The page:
Colonic diverticulitis

Only two studies have specifically addressed seasonal variation in hospital admissions for diverticulitis. One of these studies conducted in USA found the higher number of hospital admission for diverticulitis during summer months [36] while no evidence of seasonality has been reported in another study conducted in Canada. [37] Diverticulosis is thought to be caused by the combination of an increase in intraluminal pressure and weakening of the colonic wall, [49] both of which are exacerbated by aging, and a low-fiber diet. [50],[51] Low-fiber diet has been reported to be associated with high prevalence of constipation, which can lead to increased intraluminal pressure in the large bowel. The increasing number of "fast food" restaurants where mainly high-carbohydrate, low-fiber diets, confectionaries and sweets are served, when individuals were most likely to be outside in summer. Furthermore, a pilot study, conducted in Canada found that people eat more fresh fruits and vegetables in the summer months. [52] One could speculate that such dietary variation fits nicely with the long-held belief that diverticulitis results from ingestion of indigestible food items that impact the lumen of a diverticulum. [53],[54]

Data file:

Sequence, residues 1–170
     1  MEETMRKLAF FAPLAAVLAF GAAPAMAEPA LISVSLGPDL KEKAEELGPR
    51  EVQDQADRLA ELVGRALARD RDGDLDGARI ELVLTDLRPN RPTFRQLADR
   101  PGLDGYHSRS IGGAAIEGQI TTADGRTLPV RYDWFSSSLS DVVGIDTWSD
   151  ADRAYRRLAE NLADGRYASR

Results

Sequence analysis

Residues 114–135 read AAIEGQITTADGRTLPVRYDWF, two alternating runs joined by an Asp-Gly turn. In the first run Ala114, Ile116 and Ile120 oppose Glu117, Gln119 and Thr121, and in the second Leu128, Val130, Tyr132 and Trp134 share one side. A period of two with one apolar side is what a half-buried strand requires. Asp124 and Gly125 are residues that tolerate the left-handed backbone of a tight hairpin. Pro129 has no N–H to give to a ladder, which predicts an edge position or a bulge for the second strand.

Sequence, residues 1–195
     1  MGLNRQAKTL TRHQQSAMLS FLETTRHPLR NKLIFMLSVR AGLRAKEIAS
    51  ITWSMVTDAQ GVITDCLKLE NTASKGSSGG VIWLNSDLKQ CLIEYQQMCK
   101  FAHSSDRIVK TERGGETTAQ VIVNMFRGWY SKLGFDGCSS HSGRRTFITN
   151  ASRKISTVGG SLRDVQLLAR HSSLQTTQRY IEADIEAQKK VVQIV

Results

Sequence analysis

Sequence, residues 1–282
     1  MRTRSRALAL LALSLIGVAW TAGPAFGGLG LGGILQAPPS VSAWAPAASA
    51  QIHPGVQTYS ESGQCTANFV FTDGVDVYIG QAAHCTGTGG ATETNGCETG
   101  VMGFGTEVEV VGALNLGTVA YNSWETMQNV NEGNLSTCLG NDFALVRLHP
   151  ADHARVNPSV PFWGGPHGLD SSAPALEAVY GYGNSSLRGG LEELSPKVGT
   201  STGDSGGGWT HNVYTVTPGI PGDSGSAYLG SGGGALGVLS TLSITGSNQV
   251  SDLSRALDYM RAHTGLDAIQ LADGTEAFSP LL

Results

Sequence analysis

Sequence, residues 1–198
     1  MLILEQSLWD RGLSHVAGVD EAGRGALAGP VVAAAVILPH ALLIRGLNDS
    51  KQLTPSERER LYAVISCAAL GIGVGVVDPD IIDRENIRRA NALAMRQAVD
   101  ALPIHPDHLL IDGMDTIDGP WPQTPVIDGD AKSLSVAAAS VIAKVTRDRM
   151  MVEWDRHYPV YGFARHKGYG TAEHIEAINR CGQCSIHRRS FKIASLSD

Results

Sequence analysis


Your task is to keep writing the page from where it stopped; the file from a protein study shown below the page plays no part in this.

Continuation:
Alcohol has been linked to an increased risk of constipation. Interestingly, Summer time have been observed to be associated with the highest alcohol consumption. [7] This could be contributed in emergency presentation of diverticulitis in summer. However, the absence of seasonality in the Canadian study does may be linked with food habit and availability of fruits and vegetable year around.

 :: Conclusion Top

The data presented here show that the seasonal peaks of PUD are most prominent in colder months while the peak of incidence rate of CD in most of the countries subjects were found during spring and summer seasons. Seasonal trend in the onset of acute pancreatitis exhibits a summer peak in some countries. There were no clearly seasonal peaks noted for the UC. However, our understanding of seasonality of diseases remains poor and will require a combination of experimental and observational studies. Further understanding of the role of environmental factors (infection, cold, air pollution etc.) or other triggers (dietary habit, alcohol consumption) could be used to improve prevention measures and educational strategies, especially in people with a highest risk of gastrointestinal diseases.

 :: References Top

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Online since 12th February '04
2004 - Journal of Postgraduate Medicine
Official Publication of the Staff Society of the Seth GS Medical College and KEM Hospital, Mumbai, India